Saturday Science Renamed for Founder Duane Jaecks
Fifty fifth-grade students line up to enter the darkened Jorgensen Hall auditorium. One-by-one they look into a demonstration of image transmission by laser. A group gathers to touch the plasma ball. Even more swarm Professor Steve Ducharme before his presentation.
"Light and Lasers" is one of four Saturday Science classes. During the lecture, students participate in a brief discussion and watch demonstrations. For students guess the elements of the sun, and learn how scientists use spectral lines observed from Earth's surface to verify the answers. Ducharme explains how light phenomena work, and then releases the students to individual laboratories to conduct hands-on experiments.
Each weekend in February, over 100 Lincoln Public School students attend Saturday Science. Duane Jaecks founded Saturday Science in 1975 to teach children basic physics concepts and to get them excited about science. To honor over 40 years of Saturday Science and to celebrate fulfilling the Woollam Challenge Grant, the program was renamed "Duane Jaecks Saturday Science."
Jaecks, pictured above, visited the year's final session for a program commemoration.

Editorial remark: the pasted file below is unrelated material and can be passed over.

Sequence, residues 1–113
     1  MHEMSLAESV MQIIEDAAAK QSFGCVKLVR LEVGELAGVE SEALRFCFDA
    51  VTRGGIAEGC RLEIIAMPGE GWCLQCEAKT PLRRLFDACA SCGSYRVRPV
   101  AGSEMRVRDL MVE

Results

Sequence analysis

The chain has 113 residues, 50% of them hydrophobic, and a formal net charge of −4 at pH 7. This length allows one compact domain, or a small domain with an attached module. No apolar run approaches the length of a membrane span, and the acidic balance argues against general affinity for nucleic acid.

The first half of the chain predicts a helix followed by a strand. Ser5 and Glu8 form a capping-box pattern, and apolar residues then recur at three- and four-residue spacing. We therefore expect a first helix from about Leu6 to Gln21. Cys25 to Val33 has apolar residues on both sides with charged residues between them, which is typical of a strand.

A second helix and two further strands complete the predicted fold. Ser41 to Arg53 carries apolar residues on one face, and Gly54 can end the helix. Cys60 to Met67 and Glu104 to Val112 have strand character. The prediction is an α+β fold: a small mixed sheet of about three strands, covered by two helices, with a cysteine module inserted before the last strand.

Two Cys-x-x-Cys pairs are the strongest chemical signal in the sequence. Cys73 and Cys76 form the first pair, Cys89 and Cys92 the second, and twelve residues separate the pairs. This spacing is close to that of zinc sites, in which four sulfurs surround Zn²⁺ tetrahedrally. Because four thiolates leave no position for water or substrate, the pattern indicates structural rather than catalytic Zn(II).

Saturday Science is now supported by an endowment thanks to the generosity of individual donors, including Chuck and Barb Francis, and a large challenge match from the John A. Woollam Foundation. John Woollam is a George Holmes Distinguished University Professor in the Department of Electrical Engineering, a courtesy Professor of Physics and Astronomy, and founder of the J.A. Woollam Company. Jaecks kicked off the Woollam Challenge Grant with the first matching donation.
The challenge generated over $80,000 for the program, providing scholarships for students, equipment and take-home materials, and small stipends for volunteers. Jaecks' vision to inspire LPS students will continue for many years to come.
Saturday Science is a partnership between the Department of Physics & Astronomy and Lincoln Public Schools. Physics faculty deliver lectures about various science topics to inspire curiosity about STEM fields and potential careers in science. Postdoctoral researchers and graduate students lead laboratory sessions.
Other 2017 topics include "Tops and Things That Turn and Spin" delivered by Cliff Bettis, "Electricity and Magnetism" by Dan Claes, and "Astronomy" by Michael Sibbernsen.